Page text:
Handwritten Signature Verification Using Multi Objective Optimization with Genetic Algorithms in a Forensic Architecture

Handwritten Signature Verification Using Multi Objective Optimization with Genetic Algorithms in a Forensic Architecture

Francisco Luna (Insituto Tecnológico de Aguascalientes, Mexico), Julio César Martínez Romo (Insituto Tecnológico de Aguascalientes, Mexico), Miguel Mora-González (Universidad de Guadalajara, Mexico), Evelia Martínez-Cano (Universidad de Guadalajara, Mexico) and Valentín López Rivas (Insituto Tecnológico de Aguascalientes, Mexico)
DOI: 10.4018/978-1-4666-0297-7.ch006
OnDemand PDF Download:
$30.00
List Price: $37.50

Abstract

This chapter presents the use of multi-objective optimization for on-line automatic verification of handwritten signatures; as discriminating features of each signer are used here some functions of time and space of the position of the pen on the paper; these functions are directly used in a multi-objective optimization task in order to obtain high values of false positives indicators (FAR False Acceptance Rate) and false negatives (FFR, false rejection rate). The genetic algorithms are used to create a signer´s model that optimally characterizes him, thus rejecting the skilled forgeries and recognizing genuine signatures with large variation with respect to the training set.
Chapter Preview
Top

Introduction

The task of verifying signatures is essentially to recognize genuine signatures, rejecting imitations. The handwritten signature has many advantages for personal identification. This is the most widespread technique of identity verification for all enlightened communities (Plamondon & Lorette, 1989). It is used to give value to written trade obligations, such as promissory notes, checks, credit card vouchers, treaties, etc. Financial transactions also require the signature to be authenticated (Peerapong & Monthippa, 2010).

The handwritten signature verification is based on the assumption that the signature is the result of ballistic movements and as such, its dynamic characteristics are largely specific for a person, which are stable and repeatable. To carry the verification out is required to generate a standard reference, based on local or global features, in a direct or averaged way (Wirtz, 1997).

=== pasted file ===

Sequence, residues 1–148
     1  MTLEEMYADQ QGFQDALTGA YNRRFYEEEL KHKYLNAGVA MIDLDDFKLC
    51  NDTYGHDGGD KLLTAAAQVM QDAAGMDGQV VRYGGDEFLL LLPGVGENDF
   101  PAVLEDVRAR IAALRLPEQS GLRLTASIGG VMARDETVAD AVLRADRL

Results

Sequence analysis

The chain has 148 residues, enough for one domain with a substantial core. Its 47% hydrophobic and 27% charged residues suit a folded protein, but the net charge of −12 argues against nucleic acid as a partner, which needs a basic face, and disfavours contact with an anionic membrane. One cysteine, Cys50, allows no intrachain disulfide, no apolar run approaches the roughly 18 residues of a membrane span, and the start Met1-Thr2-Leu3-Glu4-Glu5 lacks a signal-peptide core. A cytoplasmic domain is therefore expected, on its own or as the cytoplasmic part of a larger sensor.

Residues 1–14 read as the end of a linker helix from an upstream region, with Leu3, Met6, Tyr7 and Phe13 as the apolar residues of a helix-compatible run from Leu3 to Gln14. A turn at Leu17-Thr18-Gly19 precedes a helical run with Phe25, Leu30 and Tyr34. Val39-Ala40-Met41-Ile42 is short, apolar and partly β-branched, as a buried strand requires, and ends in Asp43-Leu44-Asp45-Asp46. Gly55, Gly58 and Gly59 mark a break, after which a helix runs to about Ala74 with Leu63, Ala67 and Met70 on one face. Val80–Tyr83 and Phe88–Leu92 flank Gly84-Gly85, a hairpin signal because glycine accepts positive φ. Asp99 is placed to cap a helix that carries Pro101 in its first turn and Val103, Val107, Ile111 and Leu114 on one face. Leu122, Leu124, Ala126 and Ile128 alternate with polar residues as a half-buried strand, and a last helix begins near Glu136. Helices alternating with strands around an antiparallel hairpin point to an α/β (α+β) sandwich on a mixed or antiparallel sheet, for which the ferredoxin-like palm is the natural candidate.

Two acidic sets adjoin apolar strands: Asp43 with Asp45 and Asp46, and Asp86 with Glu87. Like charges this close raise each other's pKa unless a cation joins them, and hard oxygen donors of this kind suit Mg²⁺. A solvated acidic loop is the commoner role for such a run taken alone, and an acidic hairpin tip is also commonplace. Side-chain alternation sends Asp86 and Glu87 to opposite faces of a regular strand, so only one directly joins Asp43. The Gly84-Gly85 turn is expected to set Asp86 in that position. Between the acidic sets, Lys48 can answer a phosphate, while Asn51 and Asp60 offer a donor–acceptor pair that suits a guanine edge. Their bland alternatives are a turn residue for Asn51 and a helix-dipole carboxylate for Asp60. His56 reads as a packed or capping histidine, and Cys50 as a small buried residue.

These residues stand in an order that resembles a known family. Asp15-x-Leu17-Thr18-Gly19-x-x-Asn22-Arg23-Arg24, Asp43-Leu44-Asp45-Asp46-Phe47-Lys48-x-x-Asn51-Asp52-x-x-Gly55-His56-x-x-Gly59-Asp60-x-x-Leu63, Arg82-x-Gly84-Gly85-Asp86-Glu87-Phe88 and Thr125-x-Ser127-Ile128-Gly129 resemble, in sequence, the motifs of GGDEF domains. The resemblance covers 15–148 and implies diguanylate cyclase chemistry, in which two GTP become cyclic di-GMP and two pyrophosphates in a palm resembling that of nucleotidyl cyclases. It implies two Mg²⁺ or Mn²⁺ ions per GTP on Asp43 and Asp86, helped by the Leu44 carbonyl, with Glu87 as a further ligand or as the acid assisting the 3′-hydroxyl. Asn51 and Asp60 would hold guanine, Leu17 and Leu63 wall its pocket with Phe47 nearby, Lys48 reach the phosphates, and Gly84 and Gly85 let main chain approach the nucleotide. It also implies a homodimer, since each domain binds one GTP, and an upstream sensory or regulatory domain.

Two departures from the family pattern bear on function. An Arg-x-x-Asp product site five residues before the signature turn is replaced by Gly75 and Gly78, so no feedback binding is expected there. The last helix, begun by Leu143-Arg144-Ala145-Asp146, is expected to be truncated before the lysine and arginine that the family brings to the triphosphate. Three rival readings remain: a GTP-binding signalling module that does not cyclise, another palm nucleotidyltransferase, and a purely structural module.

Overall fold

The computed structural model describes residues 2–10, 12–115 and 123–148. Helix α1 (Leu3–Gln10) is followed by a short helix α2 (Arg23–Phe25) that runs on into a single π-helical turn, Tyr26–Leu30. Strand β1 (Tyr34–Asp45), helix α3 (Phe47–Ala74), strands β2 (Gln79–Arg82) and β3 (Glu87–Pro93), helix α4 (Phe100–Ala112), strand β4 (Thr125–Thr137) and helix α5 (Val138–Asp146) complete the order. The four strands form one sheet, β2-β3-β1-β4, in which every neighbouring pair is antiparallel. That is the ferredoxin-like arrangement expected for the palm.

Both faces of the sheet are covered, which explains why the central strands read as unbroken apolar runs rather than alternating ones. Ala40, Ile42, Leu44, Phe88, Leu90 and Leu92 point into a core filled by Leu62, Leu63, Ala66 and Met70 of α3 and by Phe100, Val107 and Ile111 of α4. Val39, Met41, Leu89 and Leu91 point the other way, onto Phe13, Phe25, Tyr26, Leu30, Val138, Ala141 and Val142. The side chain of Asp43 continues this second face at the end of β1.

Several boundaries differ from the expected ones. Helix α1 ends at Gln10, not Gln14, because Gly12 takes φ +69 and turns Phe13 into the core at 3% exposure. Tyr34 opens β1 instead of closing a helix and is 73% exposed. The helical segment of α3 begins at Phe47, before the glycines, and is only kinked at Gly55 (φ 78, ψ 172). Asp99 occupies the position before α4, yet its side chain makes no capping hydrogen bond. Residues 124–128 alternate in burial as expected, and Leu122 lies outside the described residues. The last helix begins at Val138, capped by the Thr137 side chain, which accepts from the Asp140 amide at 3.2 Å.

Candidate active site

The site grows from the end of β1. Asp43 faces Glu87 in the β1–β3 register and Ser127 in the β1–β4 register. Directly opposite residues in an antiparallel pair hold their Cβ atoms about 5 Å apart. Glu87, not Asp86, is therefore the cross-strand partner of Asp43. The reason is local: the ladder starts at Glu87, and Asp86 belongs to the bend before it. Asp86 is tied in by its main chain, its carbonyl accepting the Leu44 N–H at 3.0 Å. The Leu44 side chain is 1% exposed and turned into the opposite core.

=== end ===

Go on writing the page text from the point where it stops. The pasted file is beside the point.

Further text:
In the last thirty years, several research groups have worked on the design of a computer based system for automatic verification (Plamondon & Lorette, 1989). Verification techniques are classified primarily on on-line and off-line techniques. In the second case, the printed signature on a piece of paper is scanned or digitized, missing thus the information concerning to the sequence of the signature points, which is known as the dynamic of the signature. Verification off-line techniques have some advantages: only a scanner is required to obtain a digital representation of the signature, we can work with signatures on documents previously prepared and they do not need to be in digital format (Gries, 2000). Among its disadvantages is that the processing is complicated, because it requires that the signature is separated from the bottom of the document.

In the on-line verification system is used as an input device a graphic tablet (Hangai, Yamanaka, & Hamamoto, 2000) or an instrumented pen (Baron & Plamondon, 1989; Plamondon & Baron, 1989). Figure 1 shows the SmartPen pen and a digitizer tablet. The dynamic information related to the process of signing is captured. Both, dynamics data and the shape of the signature, are used for verification, which makes inherently more accurate an on-line system compared with the off-line system. A potential forger must be concerned not just on the shape (or design), but also of how the sequence and timing of certain strokes of the signature should be executed.

Figure 1.

On-line signature capture Equipment: a) Instrumented Pen SmartPen, and b) digitalized tablet

The handwritten signature verification is based on the assumption that the signature is the result of ballistic movements and as such, its dynamic characteristics are largely specific for a person, which are stable and repeatable. To carry the verification out is required to generate a standard reference, based on local or global features, in a direct or averaged way (Wirtz, 1997).

Complete Chapter List

Search this Book:
Reset